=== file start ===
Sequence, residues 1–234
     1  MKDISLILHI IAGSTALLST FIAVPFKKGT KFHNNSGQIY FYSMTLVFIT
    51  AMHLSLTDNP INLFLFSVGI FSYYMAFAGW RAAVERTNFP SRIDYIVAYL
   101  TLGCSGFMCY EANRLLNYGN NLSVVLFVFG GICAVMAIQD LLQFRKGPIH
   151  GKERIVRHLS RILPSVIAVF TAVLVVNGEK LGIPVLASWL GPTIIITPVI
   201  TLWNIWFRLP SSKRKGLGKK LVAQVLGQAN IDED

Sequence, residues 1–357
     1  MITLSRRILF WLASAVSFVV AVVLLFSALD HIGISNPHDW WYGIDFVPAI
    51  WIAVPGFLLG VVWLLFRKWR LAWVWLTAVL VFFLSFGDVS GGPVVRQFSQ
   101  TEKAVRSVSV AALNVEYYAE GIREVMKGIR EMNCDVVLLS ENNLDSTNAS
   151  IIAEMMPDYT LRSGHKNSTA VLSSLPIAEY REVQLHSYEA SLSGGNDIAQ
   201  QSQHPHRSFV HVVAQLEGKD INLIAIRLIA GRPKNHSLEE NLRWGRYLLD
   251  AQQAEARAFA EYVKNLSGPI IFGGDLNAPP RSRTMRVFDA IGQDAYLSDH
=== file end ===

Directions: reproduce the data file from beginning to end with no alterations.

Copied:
Sequence, residues 1–234
     1  MKDISLILHI IAGSTALLST FIAVPFKKGT KFHNNSGQIY FYSMTLVFIT
    51  AMHLSLTDNP INLFLFSVGI FSYYMAFAGW RAAVERTNFP SRIDYIVAYL
   101  TLGCSGFMCY EANRLLNYGN NLSVVLFVFG GICAVMAIQD LLQFRKGPIH
   151  GKERIVRHLS RILPSVIAVF TAVLVVNGEK LGIPVLASWL GPTIIITPVI
   201  TLWNIWFRLP SSKRKGLGKK LVAQVLGQAN IDED

Sequence, residues 1–357
     1  MITLSRRILF WLASAVSFVV AVVLLFSALD HIGISNPHDW WYGIDFVPAI
    51  WIAVPGFLLG VVWLLFRKWR LAWVWLTAVL VFFLSFGDVS GGPVVRQFSQ
   101  TEKAVRSVSV AALNVEYYAE GIREVMKGIR EMNCDVVLLS ENNLDSTNAS
   151  IIAEMMPDYT LRSGHKNSTA VLSSLPIAEY REVQLHSYEA SLSGGNDIAQ
   201  QSQHPHRSFV HVVAQLEGKD INLIAIRLIA GRPKNHSLEE NLRWGRYLLD
   251  AQQAEARAFA EYVKNLSGPI IFGGDLNAPP RSRTMRVFDA IGQDAYLSDH